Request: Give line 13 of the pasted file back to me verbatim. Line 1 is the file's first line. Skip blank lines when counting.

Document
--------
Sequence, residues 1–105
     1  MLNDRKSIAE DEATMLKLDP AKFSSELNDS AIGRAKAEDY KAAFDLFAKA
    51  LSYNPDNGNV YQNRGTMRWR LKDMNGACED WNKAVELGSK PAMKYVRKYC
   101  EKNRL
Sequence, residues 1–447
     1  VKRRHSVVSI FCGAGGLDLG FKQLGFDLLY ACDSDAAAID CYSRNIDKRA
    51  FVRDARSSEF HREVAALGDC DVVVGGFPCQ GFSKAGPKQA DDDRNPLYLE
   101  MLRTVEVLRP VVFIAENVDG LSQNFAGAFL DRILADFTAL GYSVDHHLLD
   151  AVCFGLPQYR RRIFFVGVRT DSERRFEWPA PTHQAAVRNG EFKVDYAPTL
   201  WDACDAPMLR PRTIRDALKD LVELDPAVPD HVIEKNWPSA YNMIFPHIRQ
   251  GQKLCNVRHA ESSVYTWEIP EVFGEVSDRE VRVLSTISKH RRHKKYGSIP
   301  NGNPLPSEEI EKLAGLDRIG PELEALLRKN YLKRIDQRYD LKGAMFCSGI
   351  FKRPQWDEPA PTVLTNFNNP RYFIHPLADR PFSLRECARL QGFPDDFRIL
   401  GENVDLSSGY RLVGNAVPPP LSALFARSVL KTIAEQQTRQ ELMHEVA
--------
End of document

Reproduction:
   351  FKRPQWDEPA PTVLTNFNNP RYFIHPLADR PFSLRECARL QGFPDDFRIL